The Labour leader, Ed Miliband, has come in for a good deal of criticism for his attempts to relaunch his leadership of the party with a debate on the need for a kinder, more responsible form of capitalism. Cut the deep philosophising and get on with hammering the Coalition Government more effectively, is the caustic response of some on his own side.
The broad charge of critics of the Lord Glasman variety – which is that Mr Miliband is being too intellectual and donnish for the stomachs of most voters – may have weight. Certainly, his poll ratings continue to languish.
But Mr Miliband can rightly respond that, if imitation is anything to judge by, his arguments are getting under the skins of the Coalition leaders. Significantly, both the Deputy Prime Minister, Nick Clegg, and the Prime Minister, David Cameron, are delivering their own responses this week to some of the ideas posed by Mr Miliband on the need to curb what he terms "irresponsible" or "crony capitalism".
Today, for example, the Deputy Prime Minister will make a call for millions of workers to be allowed to own shares in their companies along the lines of the partnership model at John Lewis. Meanwhile, ahead of the next Budget on 21 March, he and his Liberal Democrat colleagues are setting out a platform based on a demand for tougher taxes on the rich to match the growing misery being visited on the low paid. These include a mansion tax on owners of homes worth more than £2m, abolition of the 40 per cent tax relief on pension contributions for higher-rate taxpayers and a squeeze on "non-domiciles", foreign residents living in Britain who do not pay tax on overseas earnings.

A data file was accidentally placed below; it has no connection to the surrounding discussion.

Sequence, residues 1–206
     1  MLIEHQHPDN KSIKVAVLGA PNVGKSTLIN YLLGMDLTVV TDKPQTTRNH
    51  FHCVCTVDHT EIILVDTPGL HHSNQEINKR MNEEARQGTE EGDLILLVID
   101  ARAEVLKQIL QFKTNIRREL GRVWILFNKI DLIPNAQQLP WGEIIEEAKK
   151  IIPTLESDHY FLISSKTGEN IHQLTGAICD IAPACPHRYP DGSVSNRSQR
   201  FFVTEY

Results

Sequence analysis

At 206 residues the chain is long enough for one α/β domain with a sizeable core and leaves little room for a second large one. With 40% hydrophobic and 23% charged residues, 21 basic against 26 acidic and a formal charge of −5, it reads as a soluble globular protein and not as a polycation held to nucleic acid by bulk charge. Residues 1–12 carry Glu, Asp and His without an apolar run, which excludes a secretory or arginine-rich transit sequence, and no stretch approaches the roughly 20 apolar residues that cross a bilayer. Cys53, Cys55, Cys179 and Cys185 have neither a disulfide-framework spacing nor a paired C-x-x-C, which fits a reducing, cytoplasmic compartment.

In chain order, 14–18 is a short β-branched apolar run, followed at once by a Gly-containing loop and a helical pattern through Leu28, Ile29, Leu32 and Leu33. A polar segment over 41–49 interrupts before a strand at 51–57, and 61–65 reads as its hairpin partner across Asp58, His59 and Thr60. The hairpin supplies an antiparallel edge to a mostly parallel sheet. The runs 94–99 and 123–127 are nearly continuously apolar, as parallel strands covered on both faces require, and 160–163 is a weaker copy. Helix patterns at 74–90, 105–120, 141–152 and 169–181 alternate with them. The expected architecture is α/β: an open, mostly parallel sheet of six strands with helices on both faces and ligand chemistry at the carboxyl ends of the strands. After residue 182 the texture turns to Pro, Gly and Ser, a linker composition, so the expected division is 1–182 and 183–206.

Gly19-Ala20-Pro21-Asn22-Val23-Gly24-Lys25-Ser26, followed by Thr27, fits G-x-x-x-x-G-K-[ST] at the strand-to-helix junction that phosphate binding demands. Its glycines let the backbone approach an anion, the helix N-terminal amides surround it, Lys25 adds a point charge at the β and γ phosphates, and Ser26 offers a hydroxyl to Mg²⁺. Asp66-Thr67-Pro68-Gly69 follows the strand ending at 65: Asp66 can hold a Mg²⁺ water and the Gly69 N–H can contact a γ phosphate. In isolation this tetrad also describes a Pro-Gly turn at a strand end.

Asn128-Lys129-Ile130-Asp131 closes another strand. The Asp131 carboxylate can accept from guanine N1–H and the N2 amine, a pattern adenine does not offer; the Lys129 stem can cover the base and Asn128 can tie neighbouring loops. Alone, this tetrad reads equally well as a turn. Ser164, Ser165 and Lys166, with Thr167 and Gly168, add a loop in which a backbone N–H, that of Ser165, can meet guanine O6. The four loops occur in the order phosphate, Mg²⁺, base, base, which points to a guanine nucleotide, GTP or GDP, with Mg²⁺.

If these were "normal" political times, the Conservatives might be tempted to dismiss the Liberal Democrats' raft of tax-the-rich proposals as little more than a crude attempt to grab the headlines and reclaim voters lost at the time of the tuition fees row by picking a fight with the Tories. But the times are anything but. As cuts bite deep into ordinary people's wage packets – poor retail figures over Christmas provided fresh evidence of that – and as the economy remains stuck in the doldrums, many Tories are just as aware as the Liberal Democrats of the danger of being seen as a hatchet-faced government of the well-off.
The Tories are also sensible of the dangers of allowing a debate on "crony capitalism" to gather momentum in the country and slide into the sole ownership of the Labour Party, which is why they want to grab part-control of the argument by putting forward markers of their own. This is the reason Mr Cameron will be making his speech on the acceptable face of capitalism on Thursday, although unsurprisingly he will strike a different note to that of Clegg and Miliband, concentrating more on the merits than the failings of the free market.
The question is how, and whether, the Conservatives can respond to Liberal Democrat, and indeed Labour, calls for the rich to shoulder a greater burden of the economic pain without appearing to be dragged along by them. Debates on the merits of the capitalist system – a given for most Tory MPs – are not natural political terrain for the Conservative Party, which once felt content to state the case for a free market with no ifs and buts.
But Mr Cameron now has no option but to present a Tory argument for capitalism in new, subtler colours. Public opinion is shifting as support for Tory-led cuts dwindles in the face of stubbornly depressing data. The Prime Minister must take the initiative by making it clear he understands the need for a "fairness agenda". If he fails to do so, he risks handing his opponents in the Labour Party, not to mention the Liberal Democrats, an issue that they will certainly run with in the next election.